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3 Responses

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  1. Parag Tope said, on March 11, 2008 at 5:47 pm

    Lift might be strong word – influence – sure.

    There are two important elements of Savitri’s love for Satyavahan. First, her insistence on marrying him – despite being warned that he will die early. Second, her protracted negotiations with Yama after his death, and her success in getting his life back.

    As in many Indian stories – there are many variations that exist. Have you heard a variation from this theme?

  2. Anuraag Sanghi said, on March 11, 2008 at 6:03 pm

    Indian creation is anonymous – no one knows who the historical Valmiki, Ramayana, Kalidasa are or were. Ajanta paintings are done by anonymous artists. Wootz steel was made by many in India – and there was no hoarding of knowledge.

    Western ethics insist on authorship and taking credit of paramount importance. Hence, as per Western ethics, if this was inspired or influenced, it should be acknowledged.

    There was no mention anywhere – and that was intriguing.

    Onto the film – the specifics of the story were modified. The spirit of the woman, which comes from movie and the Savitri-Satyavan story are the same.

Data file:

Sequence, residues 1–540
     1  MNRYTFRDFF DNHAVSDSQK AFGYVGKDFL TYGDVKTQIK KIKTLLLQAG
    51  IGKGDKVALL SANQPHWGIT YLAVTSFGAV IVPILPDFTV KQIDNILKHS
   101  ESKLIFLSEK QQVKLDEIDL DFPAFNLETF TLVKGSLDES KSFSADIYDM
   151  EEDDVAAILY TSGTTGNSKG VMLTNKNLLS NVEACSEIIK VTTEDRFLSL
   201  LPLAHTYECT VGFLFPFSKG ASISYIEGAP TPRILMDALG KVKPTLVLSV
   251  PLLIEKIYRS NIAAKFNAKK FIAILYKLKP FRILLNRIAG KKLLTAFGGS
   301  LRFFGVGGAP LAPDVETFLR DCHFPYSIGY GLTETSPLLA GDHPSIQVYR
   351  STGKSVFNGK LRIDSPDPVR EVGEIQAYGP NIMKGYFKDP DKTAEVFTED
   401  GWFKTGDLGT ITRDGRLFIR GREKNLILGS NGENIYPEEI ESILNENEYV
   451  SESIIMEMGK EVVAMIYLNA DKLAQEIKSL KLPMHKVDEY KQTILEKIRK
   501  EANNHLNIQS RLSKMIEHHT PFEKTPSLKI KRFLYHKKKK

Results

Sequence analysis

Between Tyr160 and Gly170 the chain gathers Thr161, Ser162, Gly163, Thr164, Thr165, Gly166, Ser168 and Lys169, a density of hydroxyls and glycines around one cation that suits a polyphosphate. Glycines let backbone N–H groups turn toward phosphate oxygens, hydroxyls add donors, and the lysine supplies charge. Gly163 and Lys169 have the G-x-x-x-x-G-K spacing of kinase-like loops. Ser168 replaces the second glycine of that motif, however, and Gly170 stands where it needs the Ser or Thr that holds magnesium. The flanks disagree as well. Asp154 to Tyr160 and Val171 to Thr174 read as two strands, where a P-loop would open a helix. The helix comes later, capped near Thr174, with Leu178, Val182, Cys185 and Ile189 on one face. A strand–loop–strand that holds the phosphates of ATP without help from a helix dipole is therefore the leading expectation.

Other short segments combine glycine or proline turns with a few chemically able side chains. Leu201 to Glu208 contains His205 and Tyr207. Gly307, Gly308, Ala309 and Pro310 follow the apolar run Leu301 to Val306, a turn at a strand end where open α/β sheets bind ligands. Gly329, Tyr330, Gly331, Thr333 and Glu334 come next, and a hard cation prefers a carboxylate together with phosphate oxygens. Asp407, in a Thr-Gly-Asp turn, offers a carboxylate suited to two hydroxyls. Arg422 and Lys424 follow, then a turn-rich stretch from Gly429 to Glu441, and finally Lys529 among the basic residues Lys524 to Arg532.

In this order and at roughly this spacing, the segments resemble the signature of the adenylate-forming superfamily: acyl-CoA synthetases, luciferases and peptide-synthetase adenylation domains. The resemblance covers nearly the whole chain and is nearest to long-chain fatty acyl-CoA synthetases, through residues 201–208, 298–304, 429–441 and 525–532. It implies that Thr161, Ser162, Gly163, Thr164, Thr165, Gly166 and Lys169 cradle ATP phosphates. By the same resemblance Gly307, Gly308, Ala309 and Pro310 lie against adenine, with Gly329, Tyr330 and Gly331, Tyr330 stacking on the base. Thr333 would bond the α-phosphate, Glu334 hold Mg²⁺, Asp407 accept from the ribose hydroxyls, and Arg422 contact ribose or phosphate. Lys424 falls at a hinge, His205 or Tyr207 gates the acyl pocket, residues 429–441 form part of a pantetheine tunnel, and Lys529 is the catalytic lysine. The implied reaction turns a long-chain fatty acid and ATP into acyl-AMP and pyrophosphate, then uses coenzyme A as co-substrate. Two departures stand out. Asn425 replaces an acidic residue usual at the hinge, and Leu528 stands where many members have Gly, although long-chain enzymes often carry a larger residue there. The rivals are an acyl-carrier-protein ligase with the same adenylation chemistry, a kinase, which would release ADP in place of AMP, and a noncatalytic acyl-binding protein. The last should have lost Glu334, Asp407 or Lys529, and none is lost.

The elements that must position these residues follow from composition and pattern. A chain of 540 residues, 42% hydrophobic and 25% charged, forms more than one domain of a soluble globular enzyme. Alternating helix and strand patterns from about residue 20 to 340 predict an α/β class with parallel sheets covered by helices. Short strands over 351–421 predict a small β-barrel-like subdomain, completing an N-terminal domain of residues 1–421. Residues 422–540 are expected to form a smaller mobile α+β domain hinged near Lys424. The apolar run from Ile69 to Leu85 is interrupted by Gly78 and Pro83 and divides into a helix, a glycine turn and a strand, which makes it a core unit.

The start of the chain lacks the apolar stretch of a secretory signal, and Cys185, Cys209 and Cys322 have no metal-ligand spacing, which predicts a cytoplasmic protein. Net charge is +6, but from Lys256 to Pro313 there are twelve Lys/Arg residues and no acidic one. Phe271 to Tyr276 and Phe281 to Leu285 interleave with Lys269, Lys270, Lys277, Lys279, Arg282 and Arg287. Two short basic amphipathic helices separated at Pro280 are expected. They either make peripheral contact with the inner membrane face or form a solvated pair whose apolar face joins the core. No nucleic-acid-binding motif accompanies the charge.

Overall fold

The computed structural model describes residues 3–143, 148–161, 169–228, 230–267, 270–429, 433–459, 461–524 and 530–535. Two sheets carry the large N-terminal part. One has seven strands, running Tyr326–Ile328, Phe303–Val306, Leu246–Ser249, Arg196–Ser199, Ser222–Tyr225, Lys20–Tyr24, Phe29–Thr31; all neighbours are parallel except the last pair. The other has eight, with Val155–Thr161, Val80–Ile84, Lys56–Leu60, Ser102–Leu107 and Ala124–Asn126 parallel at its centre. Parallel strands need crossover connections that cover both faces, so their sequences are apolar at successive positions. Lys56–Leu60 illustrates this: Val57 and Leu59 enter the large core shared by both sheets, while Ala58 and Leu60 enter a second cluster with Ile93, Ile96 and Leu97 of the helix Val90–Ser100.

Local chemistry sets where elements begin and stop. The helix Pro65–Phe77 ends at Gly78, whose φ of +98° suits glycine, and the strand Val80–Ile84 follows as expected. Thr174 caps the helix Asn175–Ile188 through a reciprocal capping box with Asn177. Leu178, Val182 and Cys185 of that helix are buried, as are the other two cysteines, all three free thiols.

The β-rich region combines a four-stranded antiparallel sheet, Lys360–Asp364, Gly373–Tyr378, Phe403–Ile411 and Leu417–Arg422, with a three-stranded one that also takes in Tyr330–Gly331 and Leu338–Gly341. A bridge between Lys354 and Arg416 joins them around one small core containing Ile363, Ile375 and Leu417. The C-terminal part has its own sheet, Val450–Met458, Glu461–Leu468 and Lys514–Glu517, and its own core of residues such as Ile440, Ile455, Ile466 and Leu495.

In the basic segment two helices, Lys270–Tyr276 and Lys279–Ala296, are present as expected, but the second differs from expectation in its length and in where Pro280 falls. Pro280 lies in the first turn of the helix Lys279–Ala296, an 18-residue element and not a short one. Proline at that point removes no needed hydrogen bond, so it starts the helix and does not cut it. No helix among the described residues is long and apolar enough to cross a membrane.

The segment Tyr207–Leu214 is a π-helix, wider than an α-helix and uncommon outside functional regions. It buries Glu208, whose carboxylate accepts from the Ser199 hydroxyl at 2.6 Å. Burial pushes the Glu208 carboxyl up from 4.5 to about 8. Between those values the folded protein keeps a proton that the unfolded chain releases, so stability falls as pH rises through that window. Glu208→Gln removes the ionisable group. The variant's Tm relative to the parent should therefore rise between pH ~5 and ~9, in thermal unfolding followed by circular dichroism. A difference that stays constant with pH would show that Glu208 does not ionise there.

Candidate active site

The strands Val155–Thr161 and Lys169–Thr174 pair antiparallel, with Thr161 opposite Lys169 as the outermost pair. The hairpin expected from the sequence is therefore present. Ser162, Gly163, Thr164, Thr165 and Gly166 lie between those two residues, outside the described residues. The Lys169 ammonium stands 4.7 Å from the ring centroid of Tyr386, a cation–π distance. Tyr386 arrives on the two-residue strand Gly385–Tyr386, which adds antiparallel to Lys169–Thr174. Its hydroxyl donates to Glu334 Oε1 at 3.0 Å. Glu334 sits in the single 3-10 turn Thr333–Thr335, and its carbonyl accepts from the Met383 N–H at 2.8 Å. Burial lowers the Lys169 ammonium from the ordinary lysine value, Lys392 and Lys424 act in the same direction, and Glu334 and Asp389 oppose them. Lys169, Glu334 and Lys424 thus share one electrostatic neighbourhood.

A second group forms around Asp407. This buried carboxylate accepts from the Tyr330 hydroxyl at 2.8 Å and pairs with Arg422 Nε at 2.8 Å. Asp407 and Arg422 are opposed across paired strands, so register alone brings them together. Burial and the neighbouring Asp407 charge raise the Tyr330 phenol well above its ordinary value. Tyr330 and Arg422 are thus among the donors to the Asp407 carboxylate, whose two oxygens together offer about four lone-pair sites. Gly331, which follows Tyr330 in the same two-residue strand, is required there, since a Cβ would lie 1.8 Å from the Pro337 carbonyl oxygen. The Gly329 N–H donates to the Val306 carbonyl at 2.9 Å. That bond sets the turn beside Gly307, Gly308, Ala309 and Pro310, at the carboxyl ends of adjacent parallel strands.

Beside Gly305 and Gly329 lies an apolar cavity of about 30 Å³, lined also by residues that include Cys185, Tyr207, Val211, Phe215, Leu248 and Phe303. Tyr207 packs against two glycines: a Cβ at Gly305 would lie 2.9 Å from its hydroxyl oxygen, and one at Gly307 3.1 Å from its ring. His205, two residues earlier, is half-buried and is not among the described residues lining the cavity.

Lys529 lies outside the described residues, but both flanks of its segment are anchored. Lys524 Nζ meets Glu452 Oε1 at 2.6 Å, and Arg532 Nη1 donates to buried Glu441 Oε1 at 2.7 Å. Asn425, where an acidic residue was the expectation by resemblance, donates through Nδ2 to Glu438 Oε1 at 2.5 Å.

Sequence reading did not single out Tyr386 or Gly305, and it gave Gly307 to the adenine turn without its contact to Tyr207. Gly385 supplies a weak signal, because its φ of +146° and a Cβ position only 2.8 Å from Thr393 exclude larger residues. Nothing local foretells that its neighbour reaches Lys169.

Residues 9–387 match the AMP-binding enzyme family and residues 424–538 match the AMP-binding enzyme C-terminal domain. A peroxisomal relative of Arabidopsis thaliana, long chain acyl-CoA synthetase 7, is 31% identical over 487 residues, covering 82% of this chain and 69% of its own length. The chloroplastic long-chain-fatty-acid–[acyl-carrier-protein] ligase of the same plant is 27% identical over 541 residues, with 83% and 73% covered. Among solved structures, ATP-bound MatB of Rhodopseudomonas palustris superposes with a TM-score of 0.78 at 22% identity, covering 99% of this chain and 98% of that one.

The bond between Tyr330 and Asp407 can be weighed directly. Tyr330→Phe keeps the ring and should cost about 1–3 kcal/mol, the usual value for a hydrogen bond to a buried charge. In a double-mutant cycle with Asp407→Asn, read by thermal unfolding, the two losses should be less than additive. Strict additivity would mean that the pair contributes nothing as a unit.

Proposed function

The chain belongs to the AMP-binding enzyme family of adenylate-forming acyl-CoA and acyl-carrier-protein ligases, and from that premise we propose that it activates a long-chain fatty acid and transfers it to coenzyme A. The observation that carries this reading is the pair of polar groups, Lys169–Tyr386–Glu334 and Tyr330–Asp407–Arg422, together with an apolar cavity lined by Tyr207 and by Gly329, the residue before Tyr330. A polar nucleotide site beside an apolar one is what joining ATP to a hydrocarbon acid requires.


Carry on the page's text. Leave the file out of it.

Did you see this movie? I thought it was rather well done.

  3. Parag Tope said, on March 11, 2008 at 6:27 pm

    Yes – I did see – and as you said, it did intrigue me as well. I liked the movie. Brad Pitt was a terrible choice though.

    About your other comment:

    >>Indian creation is anonymous – no one knows who the historical Valmiki, Ramayana, Kalidasa are or were. Ajanta paintings are >>done by anonymous artists. Wootz steel was made by many in India – and there was no hoarding of knowledge.

    There are two elements embedded – one is the credit and second is the hoarding. I think that Indians are keen on giving credit where it is due. In cases where it has become anonymous is because it was lost – not because it was not a part of the Indian model.

    About hoarding you are right. Knowledge in India could not be hoarded. Patents and copyrights require active enforcement by the government, that goes beyond enforcement of contracts. Indic polity and the role of kings was never to actively participate in enforcing untenable laws. Modern economists claim “efficiencies” that arise from “intellectual property” rights, but these are largely to disrupt the real free markets and allow the power to shift to the few.

    Indian society was based on principles of freedom and the role of the kings (rajdharma) was limited to defense and enforcing contracts. Individual property rights were respected, and land did change hands. But because no economic models of slavery existed, owning large amounts of land was inefficient.

    Marxist historians have twisted this data to portray India in exactly the opposite colors.